They also put him on the radar of the Metropolitan Opera, New York, where he made his debut the following year.
America, New York and the Met
In the year between making his first two sets of recordings and his debut at the Metropolitan Opera in New York, Caruso had sung in Europe and South America, cementing his legendary status.
His agent, Pasquale Simonelli, had negotiated the kind of contract that would make both of them rich, and Caruso's Met debut was as the Duke in Rigoletto on 23rd November 1903, with Marcella Sembrich singing the doomed Gilda. It was an opera house where he was to give an astonishing 863 performances between 1903 and 1920.
The idea of getting music down on disc still hadn't left him, and Caruso made his first recordings in America in February 1904, having signed and exclusive deal with Victor. It cemented his position as the first big recording star. His recordings weren't the only pieces of Caruso music memorabilia dating from this period, as he also had a medal cast for his agent, with Euterpe, the muse of music, on the reverse. Made from 24-carat gold, this Tiffany & Co medal was to thank Simonelli for the excellent contracts he'd managed to negotiate for him at the Met.
In addition to his luxurious country home near Florence, Caruso's address of choice in New York was a suite at the Knickerbocker Hotel in Manhattan. This extraordinary hotel was well-known for its customer service and was Caruso's residence until it was sold in 1920. Taking all his meals in the hotel, Caruso always used the same set of cutlery, and once gave his coat to a homeless man outside the hotel, no doubt reminded of his own previous poverty.
Caruso gave recitals and performances across America, and was on tour in San Francisco in 1906 when the great earthquake struck. An avid skietcher, Caruso's own drawings accompanied his account of what he saw and experienced - "...on Wednesday morning early I wake up at about 5 o'clock, feeling my bed rocking as though I am in a ship on the ocean...I see the buildings toppling over, big pieces of masonry falling, and from the street below I hear the cries and screams of men and women and children". Caruso was apparently composed enough by breakfast time to walk to the St. Francis Hotel for bacon and eggs.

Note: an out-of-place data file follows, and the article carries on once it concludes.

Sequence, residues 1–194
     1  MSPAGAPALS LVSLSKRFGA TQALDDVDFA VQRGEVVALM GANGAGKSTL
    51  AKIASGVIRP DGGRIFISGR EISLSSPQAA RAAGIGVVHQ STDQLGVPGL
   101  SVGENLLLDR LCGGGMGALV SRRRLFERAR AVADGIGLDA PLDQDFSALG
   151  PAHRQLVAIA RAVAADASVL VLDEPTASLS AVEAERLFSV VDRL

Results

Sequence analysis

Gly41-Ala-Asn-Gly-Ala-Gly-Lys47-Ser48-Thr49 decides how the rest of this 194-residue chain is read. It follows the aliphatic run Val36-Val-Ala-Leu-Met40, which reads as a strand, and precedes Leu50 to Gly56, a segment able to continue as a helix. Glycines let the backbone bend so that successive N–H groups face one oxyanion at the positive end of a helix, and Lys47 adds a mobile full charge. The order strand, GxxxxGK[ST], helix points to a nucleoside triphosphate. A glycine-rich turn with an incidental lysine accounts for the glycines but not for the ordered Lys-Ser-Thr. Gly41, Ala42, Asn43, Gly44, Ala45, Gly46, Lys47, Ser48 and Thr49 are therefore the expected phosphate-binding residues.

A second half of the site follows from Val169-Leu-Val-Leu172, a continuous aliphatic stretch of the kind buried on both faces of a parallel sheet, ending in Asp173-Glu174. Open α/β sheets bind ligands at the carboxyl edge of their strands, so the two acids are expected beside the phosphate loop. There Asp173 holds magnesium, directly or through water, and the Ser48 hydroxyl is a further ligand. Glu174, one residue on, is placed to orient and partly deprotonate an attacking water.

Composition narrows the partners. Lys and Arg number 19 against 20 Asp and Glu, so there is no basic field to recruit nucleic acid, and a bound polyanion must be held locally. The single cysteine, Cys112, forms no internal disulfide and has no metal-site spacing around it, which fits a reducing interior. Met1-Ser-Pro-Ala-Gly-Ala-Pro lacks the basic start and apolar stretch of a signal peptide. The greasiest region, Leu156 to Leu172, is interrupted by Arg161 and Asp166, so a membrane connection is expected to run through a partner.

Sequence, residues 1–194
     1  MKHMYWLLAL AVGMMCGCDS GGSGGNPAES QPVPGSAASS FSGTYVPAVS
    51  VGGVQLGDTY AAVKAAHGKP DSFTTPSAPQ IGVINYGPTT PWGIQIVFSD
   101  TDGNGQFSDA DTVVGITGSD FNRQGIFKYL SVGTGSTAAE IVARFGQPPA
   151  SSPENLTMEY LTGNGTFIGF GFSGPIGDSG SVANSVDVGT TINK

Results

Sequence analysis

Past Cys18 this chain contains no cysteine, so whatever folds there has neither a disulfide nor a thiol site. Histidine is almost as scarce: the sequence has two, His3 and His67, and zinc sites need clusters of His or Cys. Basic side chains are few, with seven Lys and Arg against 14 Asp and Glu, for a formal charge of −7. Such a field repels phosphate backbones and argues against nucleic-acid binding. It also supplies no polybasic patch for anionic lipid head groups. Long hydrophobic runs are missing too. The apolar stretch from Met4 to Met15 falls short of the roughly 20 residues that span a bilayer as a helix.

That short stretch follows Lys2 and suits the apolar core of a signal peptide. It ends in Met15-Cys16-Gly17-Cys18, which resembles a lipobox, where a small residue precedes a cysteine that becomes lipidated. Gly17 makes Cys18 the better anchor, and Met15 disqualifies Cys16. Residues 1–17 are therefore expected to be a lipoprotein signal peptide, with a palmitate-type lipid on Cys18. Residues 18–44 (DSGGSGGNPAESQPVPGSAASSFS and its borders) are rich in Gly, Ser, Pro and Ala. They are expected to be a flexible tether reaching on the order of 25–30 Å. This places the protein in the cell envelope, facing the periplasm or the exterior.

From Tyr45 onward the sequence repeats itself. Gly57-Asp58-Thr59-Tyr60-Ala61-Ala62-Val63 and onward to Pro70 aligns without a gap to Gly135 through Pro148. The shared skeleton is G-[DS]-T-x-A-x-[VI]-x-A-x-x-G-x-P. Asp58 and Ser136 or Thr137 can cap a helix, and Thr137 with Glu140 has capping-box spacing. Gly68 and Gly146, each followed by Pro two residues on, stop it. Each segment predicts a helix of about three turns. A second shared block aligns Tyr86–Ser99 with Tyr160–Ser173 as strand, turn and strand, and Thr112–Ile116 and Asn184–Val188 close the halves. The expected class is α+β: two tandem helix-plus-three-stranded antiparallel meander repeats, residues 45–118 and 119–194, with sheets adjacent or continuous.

In 1910, Caruso premiered some of Puccini's music at last, creating the role of Dick Johnson in Fanciulla del West. This time, the role had been written specifically with him in mind.
Caruso's life in America wasn't restricted to opera. He also made a charming silent film, "My Cousin", where he plays both the poor artist, Tommasso Longo, and the wealthy and famous tenor Caroli. Released by Paramount, it is very much of its time, but the artist does "get the girl" in the end.
Final year and death
Caruso's wife Dorothy noted that his health was failing during late 1920 after he returned from a long concert tour. An onstage injury led to a month of illness in December of that year, and he gave his final Met performance on Christmas Eve. His health deteriorated further during the New Year, and he travelled to Naples to recuperate from what had been a series of medical procedures. He died at the Vesuvio Hotel in Naples, probably from peritonitis, on August 2, 1921. He was only 48.
Memorabilia relating to Caruso is highly sought-after from those that love him
and his music; signed photographs and other items regularly reach high prices at music auctions and other sales. A keen artist, his own sketches of colleagues are memorabilia as popular with fans as his own photographs and music posters, and regularly appear on auction sites and other music memorabilia sales sites loved by collectors.
We are truly lucky that such a music legend left such a legacy of memorabilia.